Atlanta Public Schools celebrated a historical milestone last month.
On August 30th, 1961, nine brave students, Thomas Franklin Welch, Madelyn Patricia Nix, Willie Jean Black, Donita Gaines, Arthur Simmons, Lawrence Jefferson, Mary James McMullen, Martha Ann Holmes and Rosalyn Walton became the first African American students to attend several of APS’ all white high schools.
September 8, 1961, in a moving re-cap, Time Magazine reported:
Last week the moral siege of Atlanta (pop. 487,455) ended in spectacular fashion with the smoothest token school integration ever seen in the Deep South. Into four high schools marched nine Negro students without so much as a white catcall. Teachers were soon reporting “no hostility, no demonstrations, the most normal day we’ve ever had.” In the lunchrooms, white children began introducing themselves to Negro children. At Northside High, a biology class was duly impressed when Donita Gaines, a Negro, was the only student able to define the difference between anatomy and physiology. Said she crisply: “Physiology has to do with functions.”
In a later 1964 news story, Time Magazine would say, “The Atlanta decision was a gentle attempt to accelerate one of the South’s best-publicized plans for achieving integration without revolution.”
By May of 1961 300 transfer forms had been given to black students interested in transferring out of their high schools. 132 students actually applied. Of those, 10 were chosen and 9 braved the press, onlookers and insults to integrate Atlanta’s all white high schools.
Madelyn Nix, described in publications as a member of Atlanta’s black middle class, was a student at Booker T. Washington high school and lived with her family on the campus of Morehouse College. She would eventually be assigned to Brown High School. Rebecca Dartt writes about her interview in the book “Women Activists in the Fight for Georgia School Desegregation, 1958-1961.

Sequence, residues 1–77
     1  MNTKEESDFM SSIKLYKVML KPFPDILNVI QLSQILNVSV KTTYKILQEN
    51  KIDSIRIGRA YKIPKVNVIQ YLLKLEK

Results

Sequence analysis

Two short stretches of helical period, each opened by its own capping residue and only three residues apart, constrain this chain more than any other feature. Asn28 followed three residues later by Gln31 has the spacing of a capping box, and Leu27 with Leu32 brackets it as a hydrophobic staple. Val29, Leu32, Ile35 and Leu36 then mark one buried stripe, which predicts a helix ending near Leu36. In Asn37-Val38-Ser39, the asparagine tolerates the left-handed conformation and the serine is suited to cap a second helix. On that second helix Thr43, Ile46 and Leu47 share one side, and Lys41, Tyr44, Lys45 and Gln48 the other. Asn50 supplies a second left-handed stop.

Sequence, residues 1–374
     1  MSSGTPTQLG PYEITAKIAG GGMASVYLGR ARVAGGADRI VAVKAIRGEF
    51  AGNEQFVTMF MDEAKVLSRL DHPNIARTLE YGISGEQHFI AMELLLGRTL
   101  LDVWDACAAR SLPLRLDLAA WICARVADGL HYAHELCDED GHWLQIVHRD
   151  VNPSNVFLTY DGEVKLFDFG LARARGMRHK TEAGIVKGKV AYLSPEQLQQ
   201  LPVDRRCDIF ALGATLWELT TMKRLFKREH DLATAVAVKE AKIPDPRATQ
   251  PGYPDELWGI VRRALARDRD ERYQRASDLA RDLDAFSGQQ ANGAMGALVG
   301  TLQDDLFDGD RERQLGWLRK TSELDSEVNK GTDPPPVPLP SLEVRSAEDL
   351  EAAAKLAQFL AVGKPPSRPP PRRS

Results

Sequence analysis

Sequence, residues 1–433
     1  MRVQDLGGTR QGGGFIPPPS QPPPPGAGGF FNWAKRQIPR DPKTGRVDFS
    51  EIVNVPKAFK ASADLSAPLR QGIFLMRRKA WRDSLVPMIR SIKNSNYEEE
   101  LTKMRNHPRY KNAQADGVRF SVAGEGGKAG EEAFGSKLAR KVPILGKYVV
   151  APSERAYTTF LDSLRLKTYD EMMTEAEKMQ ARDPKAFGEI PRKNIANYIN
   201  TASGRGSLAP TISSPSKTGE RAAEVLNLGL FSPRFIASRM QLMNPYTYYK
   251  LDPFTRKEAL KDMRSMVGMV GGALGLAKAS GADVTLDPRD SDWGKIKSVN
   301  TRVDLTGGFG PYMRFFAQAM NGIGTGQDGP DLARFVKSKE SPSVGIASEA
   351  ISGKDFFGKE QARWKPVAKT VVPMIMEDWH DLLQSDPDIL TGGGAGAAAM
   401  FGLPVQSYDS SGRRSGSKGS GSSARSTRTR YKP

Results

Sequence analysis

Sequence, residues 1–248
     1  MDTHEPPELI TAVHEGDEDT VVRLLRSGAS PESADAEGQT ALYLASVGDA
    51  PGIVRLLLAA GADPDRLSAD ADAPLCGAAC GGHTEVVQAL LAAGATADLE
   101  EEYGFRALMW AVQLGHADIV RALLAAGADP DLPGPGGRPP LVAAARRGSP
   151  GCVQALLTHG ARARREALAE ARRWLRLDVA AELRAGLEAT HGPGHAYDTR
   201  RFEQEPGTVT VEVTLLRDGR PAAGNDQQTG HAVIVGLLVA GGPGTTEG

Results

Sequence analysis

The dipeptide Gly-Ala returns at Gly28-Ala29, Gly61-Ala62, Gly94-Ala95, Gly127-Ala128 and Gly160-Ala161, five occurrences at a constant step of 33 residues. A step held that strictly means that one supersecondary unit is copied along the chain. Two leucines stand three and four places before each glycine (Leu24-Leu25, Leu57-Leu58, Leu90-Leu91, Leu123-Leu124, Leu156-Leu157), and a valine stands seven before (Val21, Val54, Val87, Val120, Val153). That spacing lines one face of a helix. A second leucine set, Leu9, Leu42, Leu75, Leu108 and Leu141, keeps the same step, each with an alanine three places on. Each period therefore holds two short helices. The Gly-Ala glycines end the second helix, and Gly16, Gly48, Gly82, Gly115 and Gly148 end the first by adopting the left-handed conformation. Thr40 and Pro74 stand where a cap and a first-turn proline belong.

A representative from the board of education, a psychologist, and a lawyer were seated behind a table addressing Nix, who was directly across from them. Part way through the interview the psychologist posed the following question to the young student:
“You know Madelyn, you’ll be one of the very few Negro students going to Brown High and we cannot guarantee your safety. How will you conduct yourself, say, if girls are waiting for you in the restroom?”
“They’ll probably say hello and that’s all,” she answered without hesitation. Nix was looking on the bright side, but she wondered how the boys would answer the same question.
Darrt describes Nix’s fellow schoolmate, Tom Welch, as coming from a “solid working-class neighborhood.” His father owned a local service station and had been vocal about wanting a better education for his son. Darrt writes, “Welch, although successful in terms of the black community, wanted more for his son and to move up and out required better education than segregated schools offered.”
In recent years Georgia State University historian Cliff Kuhn explained the significance of the peaceful desegregation of Atlanta’s schools to WABE reporter Steve Goss during this interview. Brown vs. the Board of Education of Topeka had established the right for African American students to have equal opportunities in education, but it wasn’t until 1958, when a group of African American parents challenged the segregated school system in federal court that integration became a tangible reality for students of color in Atlanta.
Adding to the accolades for the students and the city, President Kennedy publicly congratulated residents during an evening address and asked other cities “to look closely at what Atlanta has done and to meet their responsibility……with courage, tolerance and above all, respect for the law.”
The students, staff and communities served by Atlanta Public Schools are humbled by the pioneers of our district who dared to take the bold steps that pioneered change and equity in public education.
Thank you for your courage and we celebrate your fortitude.